Sunday, 23 August 2009


I intervened and possibly stopped someone getting the shit kicked out of them yesterday evening while I was on the bus. The guy who would have been on the receiving end of said kicking was behaving and speaking in a way which appeared like he was trying to wind anyone up and to get a reaction out of them, and it was clearly in danger of working.

I'm not sure why it felt safe enough to intervene, but it did. Just one of those judgment calls I suppose. Plus I didn't want my evening spoilt by the prospect of yet more violence on the bus, I was on my way somewhere nice. Thankfully the other guy who sounded ready to deliver a beating listened to me, and nodded his acknowledgment when he got off.

I'd made the assumption that the one doing the winding up had some sort of condition: he didn't appear drunk but his behaviour was obviously inappropriate and rendering him vulnerable to violence. He now started roundly and imperiously denouncing me, I told him I was having nothing to do with him or his conversation and I moved further away from him. Not that that deterred him, he carried on more loudly.

The last thing I did though was ask him a question, and out of the resultant babble of slurs and accusations that uttered forth he did let slip that he had a condition. I suppose it could have been this that made me feel safe in the first place in terms of intervening, the assumptions I'd made put me into work mode: I felt calm and didn't let him get to me.

I did go on to have a lovely evening, but I carried a sense of weariness at the back of my mind: too often there seems to be needless aggravation of one sort or another, and I'm sick of it.


Janette Jones said...

Well done you. There is way too much violence in this world already without people 'looking for trouble'. Glad you managed to stop this before it escalated.

Fire Byrd said...

You should try the peace and calm of the coutryside...... HAHAHA!!

trousers said...

Thanks Janette. Yes I'm glad too, there's always a risk with intervening and I'd rather these situations didn't happen in the first place.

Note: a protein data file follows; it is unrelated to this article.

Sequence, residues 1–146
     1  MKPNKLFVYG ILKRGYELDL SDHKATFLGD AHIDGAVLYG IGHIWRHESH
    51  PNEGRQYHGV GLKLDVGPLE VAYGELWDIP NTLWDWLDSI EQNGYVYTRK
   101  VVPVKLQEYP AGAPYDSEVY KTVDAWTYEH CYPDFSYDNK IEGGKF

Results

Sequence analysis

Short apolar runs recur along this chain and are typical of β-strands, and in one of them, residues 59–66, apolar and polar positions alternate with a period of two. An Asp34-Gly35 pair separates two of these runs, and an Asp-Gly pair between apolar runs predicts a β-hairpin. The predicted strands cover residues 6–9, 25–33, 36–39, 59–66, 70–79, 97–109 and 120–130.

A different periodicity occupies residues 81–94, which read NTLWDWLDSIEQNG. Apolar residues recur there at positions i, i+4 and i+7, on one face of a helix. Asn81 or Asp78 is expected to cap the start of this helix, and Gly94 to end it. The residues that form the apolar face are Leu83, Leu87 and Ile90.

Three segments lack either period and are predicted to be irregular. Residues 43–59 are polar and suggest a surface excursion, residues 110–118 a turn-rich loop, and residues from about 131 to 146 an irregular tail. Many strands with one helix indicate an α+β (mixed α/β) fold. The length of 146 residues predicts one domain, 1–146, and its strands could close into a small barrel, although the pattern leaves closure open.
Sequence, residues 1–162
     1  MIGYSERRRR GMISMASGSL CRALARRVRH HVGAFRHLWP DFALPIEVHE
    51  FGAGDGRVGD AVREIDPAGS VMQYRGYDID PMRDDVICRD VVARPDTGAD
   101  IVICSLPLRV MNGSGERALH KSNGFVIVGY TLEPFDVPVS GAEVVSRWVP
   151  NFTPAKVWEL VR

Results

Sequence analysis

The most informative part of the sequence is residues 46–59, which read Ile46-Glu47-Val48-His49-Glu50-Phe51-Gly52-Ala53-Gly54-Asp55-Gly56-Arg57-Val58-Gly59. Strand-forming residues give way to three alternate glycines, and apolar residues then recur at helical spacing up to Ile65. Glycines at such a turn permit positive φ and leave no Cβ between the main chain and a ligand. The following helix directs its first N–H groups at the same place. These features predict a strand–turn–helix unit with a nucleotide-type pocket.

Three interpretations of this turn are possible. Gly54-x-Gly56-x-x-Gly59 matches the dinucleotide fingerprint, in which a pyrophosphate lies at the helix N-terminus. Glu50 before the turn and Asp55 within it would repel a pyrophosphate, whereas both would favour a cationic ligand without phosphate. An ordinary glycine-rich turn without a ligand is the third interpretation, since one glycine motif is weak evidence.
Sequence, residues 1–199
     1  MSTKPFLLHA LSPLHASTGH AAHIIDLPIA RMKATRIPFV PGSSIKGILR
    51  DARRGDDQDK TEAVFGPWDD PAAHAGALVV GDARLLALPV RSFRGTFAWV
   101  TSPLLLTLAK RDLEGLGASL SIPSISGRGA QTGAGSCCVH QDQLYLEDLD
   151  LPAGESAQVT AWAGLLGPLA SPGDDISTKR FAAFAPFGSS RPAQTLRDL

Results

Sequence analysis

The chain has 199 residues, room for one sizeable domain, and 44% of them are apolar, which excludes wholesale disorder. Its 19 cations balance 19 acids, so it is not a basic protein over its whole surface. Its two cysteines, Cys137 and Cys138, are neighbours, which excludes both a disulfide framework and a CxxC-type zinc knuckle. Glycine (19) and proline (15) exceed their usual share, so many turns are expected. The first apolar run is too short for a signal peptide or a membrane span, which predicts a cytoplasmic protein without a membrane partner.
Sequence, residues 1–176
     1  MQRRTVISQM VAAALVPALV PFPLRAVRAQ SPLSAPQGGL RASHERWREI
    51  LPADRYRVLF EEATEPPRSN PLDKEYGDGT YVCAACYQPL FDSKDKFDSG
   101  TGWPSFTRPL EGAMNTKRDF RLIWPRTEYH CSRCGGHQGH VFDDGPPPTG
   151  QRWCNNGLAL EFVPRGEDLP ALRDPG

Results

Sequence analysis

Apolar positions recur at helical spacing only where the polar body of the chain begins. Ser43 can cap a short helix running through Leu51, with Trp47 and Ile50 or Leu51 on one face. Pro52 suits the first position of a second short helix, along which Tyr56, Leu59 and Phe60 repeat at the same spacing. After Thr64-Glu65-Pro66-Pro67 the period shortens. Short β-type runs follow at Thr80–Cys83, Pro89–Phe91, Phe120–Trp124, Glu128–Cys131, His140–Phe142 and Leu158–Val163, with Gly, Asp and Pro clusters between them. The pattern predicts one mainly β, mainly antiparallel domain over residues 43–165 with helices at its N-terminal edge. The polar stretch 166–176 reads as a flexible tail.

Fire Byrd - hmmmmm.....

Zhoen said...


The brother of a woman at work got beat up last week. He's autistic, and couldn't stop himself touching a motorcycle. The owner took great offense. Poor kid didn't even realize what was going on.

We never know what problems others carry.

lakeviewer said...

It's hard to know how to behave sometimes. Well done.

DJ Kirkby said...

I am sure that people would think twice at having a go at you when you are interveening on behalf of a strange stranger. Hope you are feeling less weary now. x

zola a social thing said...

Is this what you call a well conditioned response to stimuli?

trousers said...

Zhoen, that sounds bad, and a major overreaction on the part of the guy who's motorbike it was. This guy on the bus was enough to try anyone's patience but escalating the situation would hardly have helped matters.

lakeviewer, thanks. I don't like to see confrontation, but if I'm in "work mode" it makes it easier to deal with, both internally and externally.

Deej, I'm actually wondering if I was intervening for the stranger's sake or for my own, ie I didn't want to witness any violence - the guy wasn't exactly endearing himself to anyone, put it that way. I take your point though.

I wouldn't say I'm feeling less weary in that sense, I'm afraid, I was just approached and asked for help by someone who'd just been beaten up, just a few minutes ago before I got home. But I don't want to go into that here.

zola, maybe it is, maybe it isn't. Is it what you would call a well-conditioned response to stimuli?